This unassuming, beautiful photo marks more than an exotic beach on Bora Bora and an exotic woman enjoying it. "Jennifer in Paradise" marks the first Photoshopped image.
If you've ever used that photo-manipulating software, you're familiar with this picture. It is a demonstration of the technology we now take for granted.
While on vacation with his soon-to-be fiancee in 1987, John Knoll took a picture of Jennifer. The couple, both employed at George Lucas's special-effects company Industrial Light & Magic, were relaxing after working on the film "Who Framed Roger Rabbit."
Back home, Knoll got back to work.
At ILM, Knoll had encountered a cutting-edge piece of hardware known as the Pixar Image Computer, one of the first that could be used to manipulate images. "I thought it was amazing," he says. "The fact that you could take an image from film, scan it in and turn it into digits and then manipulate those numbers and put it back out on to piece of film – it meant that there was literally no limit to what you could do to it in the middle."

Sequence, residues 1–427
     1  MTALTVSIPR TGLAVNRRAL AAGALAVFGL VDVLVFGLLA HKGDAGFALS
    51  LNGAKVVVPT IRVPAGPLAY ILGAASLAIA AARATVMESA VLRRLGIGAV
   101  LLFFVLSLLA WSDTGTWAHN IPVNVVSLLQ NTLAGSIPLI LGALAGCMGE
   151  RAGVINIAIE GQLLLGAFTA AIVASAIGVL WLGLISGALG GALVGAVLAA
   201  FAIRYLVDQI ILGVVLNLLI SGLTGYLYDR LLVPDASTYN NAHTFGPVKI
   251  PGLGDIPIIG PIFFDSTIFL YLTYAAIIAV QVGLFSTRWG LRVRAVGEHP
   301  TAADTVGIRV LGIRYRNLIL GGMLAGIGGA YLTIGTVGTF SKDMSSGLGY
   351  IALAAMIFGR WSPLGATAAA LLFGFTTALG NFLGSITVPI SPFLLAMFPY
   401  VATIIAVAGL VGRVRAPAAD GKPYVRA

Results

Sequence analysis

The Pixar machine cost hundreds of thousands of dollars and the image-processing software was so complex it required a specially trained operator. So Knoll was somewhat taken aback when he visited his brother Thomas, who was reading for a doctorate in computer vision at the University of Michigan, and discovered that he'd developed some similar software that could run on a much cheaper Macintosh Plus.